For those who were already committed philosophers, these lectures were a high point of their undergraduate years. David Armstrong was one. In his introduction to this new book - an important essay in itself - he tells us that the lectures “inspired me with a passionate interest in the great questions of metaphysics”. A couple of years ago, he said the lectures opened his mind to the possibility of a systematic realist and empiricist metaphysics, an idea that never left him and which he stands by today.
There was another type of student taking the course in 1949 and 1950. They were not philosophers by inescapable vocation. They were simply fascinated by the ease with which Anderson conversed with Parmenides, Anaximander, Plato, Kant or Hegel. These philosophers were his colleagues, his contemporaries. To listen to his lectures was itself an initiation into Western or Greco-Roman civilisation. Most of these students never accepted, or did not stick with, Anderson’s philosophic teaching. But they had taken a seat with him at Plato’s Banquet and would not forget it.
There was also a third group of students taking copious notes. They were not true philosophers. Their approach was too literary or quasi-religious. They lived in a sort of nihilist no-man’s-land. Anderson’s corrosive deconstruction of convention and conventional idealism had left them lost souls. They came to each lecture hoping that its advanced ontology might help them find their bearings in what Samuel Alexander called “the whirlpool of space and time”. They never found what they were seeking. In time, some turned back to the faith of their fathers, Some espoused a dogmatic anarchism. Others pursued careers, usually in the professions. You cannot live your whole life in no-man’s-land, although a few tried to.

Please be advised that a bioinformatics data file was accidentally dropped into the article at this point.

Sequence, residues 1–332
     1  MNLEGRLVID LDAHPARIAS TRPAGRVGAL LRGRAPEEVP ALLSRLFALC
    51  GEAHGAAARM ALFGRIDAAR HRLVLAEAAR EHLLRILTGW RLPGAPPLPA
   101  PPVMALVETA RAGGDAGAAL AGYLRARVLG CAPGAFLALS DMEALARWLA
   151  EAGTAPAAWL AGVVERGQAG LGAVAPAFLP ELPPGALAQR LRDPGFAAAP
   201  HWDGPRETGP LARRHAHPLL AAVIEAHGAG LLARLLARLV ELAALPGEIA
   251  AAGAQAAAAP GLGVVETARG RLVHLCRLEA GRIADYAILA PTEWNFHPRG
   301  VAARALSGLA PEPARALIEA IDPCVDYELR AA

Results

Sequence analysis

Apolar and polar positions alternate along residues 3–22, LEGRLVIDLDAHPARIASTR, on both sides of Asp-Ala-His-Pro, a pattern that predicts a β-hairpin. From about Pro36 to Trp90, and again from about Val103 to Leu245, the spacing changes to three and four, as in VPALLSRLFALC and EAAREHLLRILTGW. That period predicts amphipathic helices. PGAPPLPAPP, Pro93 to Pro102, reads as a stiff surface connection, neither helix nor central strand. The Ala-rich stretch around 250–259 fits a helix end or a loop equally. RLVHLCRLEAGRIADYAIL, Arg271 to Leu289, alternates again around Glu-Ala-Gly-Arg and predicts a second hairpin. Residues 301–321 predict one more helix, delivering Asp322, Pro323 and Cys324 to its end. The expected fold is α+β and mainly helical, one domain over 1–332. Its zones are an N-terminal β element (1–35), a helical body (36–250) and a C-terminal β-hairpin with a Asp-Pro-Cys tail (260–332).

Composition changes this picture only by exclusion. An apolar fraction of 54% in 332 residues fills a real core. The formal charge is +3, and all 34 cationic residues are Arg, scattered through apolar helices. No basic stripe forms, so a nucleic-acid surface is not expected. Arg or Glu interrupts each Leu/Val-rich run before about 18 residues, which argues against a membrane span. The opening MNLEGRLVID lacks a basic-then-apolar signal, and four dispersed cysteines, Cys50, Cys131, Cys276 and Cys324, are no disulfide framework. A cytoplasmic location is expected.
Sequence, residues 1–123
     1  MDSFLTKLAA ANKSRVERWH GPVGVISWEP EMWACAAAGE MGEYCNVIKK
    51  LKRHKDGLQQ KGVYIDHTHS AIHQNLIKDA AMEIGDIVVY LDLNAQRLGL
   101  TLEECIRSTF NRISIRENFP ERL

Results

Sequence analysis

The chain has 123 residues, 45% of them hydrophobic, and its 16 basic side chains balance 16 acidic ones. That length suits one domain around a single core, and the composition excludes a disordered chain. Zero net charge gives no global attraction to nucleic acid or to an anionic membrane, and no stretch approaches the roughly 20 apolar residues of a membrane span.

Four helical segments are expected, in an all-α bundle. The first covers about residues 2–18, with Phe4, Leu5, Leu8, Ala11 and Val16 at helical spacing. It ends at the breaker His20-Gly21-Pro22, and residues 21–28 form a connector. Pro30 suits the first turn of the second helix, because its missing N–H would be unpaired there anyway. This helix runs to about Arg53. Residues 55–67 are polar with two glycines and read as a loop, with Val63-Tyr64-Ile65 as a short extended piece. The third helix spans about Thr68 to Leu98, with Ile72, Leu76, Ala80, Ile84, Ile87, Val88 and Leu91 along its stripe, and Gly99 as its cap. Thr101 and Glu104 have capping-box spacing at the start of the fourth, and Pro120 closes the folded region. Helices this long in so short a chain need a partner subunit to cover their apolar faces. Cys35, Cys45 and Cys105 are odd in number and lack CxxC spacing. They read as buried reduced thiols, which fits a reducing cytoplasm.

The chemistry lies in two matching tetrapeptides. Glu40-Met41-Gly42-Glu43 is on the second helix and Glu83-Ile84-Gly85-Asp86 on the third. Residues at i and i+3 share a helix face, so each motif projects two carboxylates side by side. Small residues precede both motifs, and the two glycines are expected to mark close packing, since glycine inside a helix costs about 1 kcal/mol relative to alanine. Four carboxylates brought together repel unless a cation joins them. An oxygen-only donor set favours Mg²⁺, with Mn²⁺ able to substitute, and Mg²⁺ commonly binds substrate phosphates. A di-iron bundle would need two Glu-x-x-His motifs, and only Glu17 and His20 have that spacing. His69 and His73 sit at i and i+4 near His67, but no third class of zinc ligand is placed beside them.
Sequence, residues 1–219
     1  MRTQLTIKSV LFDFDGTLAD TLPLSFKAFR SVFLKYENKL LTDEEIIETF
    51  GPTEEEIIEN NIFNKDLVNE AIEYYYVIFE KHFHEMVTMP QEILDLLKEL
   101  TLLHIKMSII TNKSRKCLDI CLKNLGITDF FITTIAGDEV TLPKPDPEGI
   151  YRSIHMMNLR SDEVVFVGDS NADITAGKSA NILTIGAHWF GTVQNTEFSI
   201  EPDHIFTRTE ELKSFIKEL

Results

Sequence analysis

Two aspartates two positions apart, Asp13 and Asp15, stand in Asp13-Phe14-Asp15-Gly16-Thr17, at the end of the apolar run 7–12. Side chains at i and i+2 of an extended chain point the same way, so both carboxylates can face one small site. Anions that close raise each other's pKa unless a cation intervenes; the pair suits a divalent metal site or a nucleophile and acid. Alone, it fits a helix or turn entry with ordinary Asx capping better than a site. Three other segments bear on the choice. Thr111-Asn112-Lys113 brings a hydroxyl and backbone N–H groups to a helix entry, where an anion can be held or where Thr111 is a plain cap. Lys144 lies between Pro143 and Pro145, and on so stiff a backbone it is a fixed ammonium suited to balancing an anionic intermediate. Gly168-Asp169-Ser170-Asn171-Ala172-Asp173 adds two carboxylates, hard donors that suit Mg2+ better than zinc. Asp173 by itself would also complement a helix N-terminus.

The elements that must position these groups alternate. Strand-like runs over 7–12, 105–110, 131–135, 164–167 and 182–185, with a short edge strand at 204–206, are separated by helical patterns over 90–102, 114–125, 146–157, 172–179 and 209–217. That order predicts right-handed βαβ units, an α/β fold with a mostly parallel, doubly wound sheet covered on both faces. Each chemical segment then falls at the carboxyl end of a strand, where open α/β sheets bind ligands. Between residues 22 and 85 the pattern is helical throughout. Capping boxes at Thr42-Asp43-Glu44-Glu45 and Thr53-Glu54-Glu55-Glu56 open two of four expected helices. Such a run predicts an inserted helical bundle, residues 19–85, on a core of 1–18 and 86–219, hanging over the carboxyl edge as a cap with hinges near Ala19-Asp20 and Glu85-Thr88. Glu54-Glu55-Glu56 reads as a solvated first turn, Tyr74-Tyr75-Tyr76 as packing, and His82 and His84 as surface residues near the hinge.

Being literary, they’ve had plenty to say. One or two dabbled in satiric verse. One of the better ones, John Rybak, delivered this parody of the Christian - and per-haps the Andersonian - credo:
I believe: in the Proposition
Wholly and indivisible trinity
Three in one, one in Three
Subject, predicate, and copula!
Especially the copula.
Union is strength
Strength thru’ joy
A thing of beauty is a joy forever
Porphyry, Aristotle, Socrates!
The subtext is, I think, pretty serious criticism. It seems to find in Anderson’s metaphysics a toxic blend of obscurantism, authoritarianism, libertinism and aestheticism.
BUT TO RETURN to the categories, this book is basically the lectures as taken down by David Armstrong and Eric Dowling. Creagh Cole has edited their notes or transcripts and added useful appendices including a marvellous letter Anderson wrote to the London New Age in 1920 defending Alexander against what was in part an anti-Semitic attack.
This is as good as we are going to get of the 1949-50 lectures. There are no recordings of these or any of Anderson’s lectures. The only recording of his voice is of his singing his own composition, “Sydney Blues”, about homesick Oxford students wishing they were back in Sydney with Anderson! It is a pleasant folk-singer’s or balladist’s voice, a touch country-and-western. No Scottish burr. It is all we have of his voice.